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Canadian Prime Minister Justin Trudeau attends a meeting at the National Cyber Security Centre on April 18, 2018 in London, England.Jack Taylor/Getty Images

OTTAWA, Ontario (LifeSiteNews) – Canadian bank executives have disclosed that millions of dollars were indeed withdrawn from credit unions shortly after the government of Prime Minister Justin Trudeau authorized the freezing of bank accounts linked to the trucker Freedom Convoy.  

According to Blacklock’s Reporter, Martha Durdin, CEO of the Canadian Credit Union Association, told the House of Commons finance committee in early March that “in the early days, there was some degree of panic among some Canadians that their accounts may be frozen.” 

Durdin noted that many of their “members expressed this concern, and many Canadians made significant withdrawals from credit unions as a result.” 

“Sometimes in the hundreds of thousands, and on a few occasions in the millions of dollars,” added Durdin.  

Durdin noted that many Canadians felt surprised “the government had that authority (to freeze people’s bank accounts),” but noted that the withdrawals did not “raise liquidity issues at all for credit unions.”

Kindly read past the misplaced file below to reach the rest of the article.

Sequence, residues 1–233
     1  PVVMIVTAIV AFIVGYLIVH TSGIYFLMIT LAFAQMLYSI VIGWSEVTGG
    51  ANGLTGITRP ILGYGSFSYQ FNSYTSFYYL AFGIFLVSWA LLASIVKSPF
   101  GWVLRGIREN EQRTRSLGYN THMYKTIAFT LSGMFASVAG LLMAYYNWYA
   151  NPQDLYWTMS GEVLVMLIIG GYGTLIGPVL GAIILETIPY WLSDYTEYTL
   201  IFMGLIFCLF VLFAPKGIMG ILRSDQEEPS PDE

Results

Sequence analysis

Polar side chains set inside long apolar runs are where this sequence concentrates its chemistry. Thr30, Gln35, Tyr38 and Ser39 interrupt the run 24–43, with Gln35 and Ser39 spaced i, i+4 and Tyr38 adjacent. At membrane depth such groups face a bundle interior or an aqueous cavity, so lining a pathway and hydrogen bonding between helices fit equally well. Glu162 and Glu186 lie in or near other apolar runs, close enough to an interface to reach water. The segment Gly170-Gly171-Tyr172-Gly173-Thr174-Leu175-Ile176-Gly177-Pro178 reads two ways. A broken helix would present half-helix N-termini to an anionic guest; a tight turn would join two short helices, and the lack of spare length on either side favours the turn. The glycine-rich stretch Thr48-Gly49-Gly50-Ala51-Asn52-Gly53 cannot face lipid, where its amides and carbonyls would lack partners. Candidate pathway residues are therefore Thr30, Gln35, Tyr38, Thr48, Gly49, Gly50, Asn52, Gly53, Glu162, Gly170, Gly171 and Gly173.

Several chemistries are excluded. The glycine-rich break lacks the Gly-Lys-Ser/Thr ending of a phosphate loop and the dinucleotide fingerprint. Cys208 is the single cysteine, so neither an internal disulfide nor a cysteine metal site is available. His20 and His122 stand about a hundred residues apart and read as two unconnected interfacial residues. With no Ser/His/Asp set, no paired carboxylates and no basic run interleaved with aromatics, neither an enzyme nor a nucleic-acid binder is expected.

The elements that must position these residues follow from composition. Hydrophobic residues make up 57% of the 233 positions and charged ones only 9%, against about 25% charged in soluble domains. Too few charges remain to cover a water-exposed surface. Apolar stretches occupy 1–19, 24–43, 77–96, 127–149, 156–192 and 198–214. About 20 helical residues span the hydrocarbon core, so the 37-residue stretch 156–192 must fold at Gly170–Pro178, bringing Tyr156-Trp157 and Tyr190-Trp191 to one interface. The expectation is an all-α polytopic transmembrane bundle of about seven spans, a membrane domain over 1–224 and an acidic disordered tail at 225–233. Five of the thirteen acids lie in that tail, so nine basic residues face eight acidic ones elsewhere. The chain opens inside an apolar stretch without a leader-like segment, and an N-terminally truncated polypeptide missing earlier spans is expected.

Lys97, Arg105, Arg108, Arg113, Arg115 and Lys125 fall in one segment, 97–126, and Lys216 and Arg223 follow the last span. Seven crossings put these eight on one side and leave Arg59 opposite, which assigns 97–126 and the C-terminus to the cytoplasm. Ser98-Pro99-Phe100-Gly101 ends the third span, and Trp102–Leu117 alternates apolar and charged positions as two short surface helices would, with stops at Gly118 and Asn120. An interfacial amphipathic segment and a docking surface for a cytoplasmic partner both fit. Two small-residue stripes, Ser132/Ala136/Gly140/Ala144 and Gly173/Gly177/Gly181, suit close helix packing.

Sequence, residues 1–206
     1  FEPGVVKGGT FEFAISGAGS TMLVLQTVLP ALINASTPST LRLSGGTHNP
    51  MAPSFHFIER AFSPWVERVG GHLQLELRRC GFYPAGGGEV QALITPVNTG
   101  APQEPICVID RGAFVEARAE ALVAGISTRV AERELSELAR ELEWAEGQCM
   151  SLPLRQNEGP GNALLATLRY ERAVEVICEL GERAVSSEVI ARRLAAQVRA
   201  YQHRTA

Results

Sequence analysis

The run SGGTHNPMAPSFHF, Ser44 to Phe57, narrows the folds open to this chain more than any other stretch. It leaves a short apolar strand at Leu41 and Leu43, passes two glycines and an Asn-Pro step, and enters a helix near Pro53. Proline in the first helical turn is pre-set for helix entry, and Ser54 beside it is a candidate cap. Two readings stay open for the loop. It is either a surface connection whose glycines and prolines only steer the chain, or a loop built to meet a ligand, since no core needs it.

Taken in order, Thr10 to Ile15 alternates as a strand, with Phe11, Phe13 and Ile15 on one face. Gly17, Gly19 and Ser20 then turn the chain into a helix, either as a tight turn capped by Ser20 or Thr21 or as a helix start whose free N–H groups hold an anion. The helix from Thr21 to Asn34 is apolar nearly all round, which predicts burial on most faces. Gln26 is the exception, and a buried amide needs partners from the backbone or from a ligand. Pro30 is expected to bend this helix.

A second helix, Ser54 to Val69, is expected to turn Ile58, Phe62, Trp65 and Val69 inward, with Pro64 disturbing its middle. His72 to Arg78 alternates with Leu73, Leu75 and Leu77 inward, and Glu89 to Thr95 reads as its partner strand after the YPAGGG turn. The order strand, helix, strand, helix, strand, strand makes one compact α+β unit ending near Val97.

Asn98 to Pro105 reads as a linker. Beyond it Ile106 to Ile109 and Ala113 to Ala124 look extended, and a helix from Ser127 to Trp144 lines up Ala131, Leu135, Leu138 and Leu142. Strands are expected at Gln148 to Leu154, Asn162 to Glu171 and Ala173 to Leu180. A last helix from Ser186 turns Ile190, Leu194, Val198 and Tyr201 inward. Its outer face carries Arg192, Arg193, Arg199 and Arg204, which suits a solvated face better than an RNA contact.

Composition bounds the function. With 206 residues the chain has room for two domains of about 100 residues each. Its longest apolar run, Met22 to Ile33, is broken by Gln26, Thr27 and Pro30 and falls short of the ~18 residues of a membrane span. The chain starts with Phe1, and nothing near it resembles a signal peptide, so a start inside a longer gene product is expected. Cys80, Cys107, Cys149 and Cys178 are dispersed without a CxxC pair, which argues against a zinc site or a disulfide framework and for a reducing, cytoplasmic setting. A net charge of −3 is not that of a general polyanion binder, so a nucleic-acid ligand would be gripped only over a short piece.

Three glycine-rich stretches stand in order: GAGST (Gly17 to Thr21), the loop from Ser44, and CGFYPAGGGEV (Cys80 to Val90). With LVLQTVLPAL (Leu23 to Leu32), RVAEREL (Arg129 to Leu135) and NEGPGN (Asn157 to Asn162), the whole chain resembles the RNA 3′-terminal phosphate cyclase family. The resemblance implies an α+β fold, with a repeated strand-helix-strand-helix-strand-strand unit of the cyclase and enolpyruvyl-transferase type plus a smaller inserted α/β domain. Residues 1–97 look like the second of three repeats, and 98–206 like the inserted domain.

“Staff had to manage many very unhappy members,” added Durdin, noting credit unions had to answer many questions “under what circumstances the government can freeze accounts.” 

“Many Canadians felt surprised,” she said.   

The general counsel for the Canadian Bankers Association Angelina Mason told the finance committee on March 7, as reported by Blacklock’s Reporter, that there were some “anecdotal stories” of some sudden withdrawals, but they were not of “significance.”  

Trudeau claimed the Freedom Convoy protesters were funded by foreign entities with ties to terrorist-linked financing. This reasoning was used as justification for Trudeau to enact the Emergencies Act (EA) against them on February 14. It was revoked on February 23.  

His use of the EA gave the federal government unparalleled powers, such as the ability to freeze bank accounts, even without a court order. Many accounts were frozen; however, they were done so under the orders of police who then contacted banks. 

According to the Department of Finance, some 206 to 210 bank accounts were frozen, with a total combined value of $7.8 million, from a police blacklist of 257 accounts.  

A top official with Canada’s Royal Canadian Mounted Police (RCMP) recently said there is no evidence of any links to terrorist activity in the funding of the trucker Freedom Convoy. 

The Freedom Convoy for three weeks in late January to early February protested in the nation’s capital of Ottawa, demanding an end to all COVID mandates, before being forced out by police armed with extraordinary powers given to them by the EA. 

The Justice Centre for Constitutional Freedoms (JCCF) is currently suing the Canadian federal government under Prime Minister Justin Trudeau for its abuse of the EA, which was used to quash the Freedom Convoy.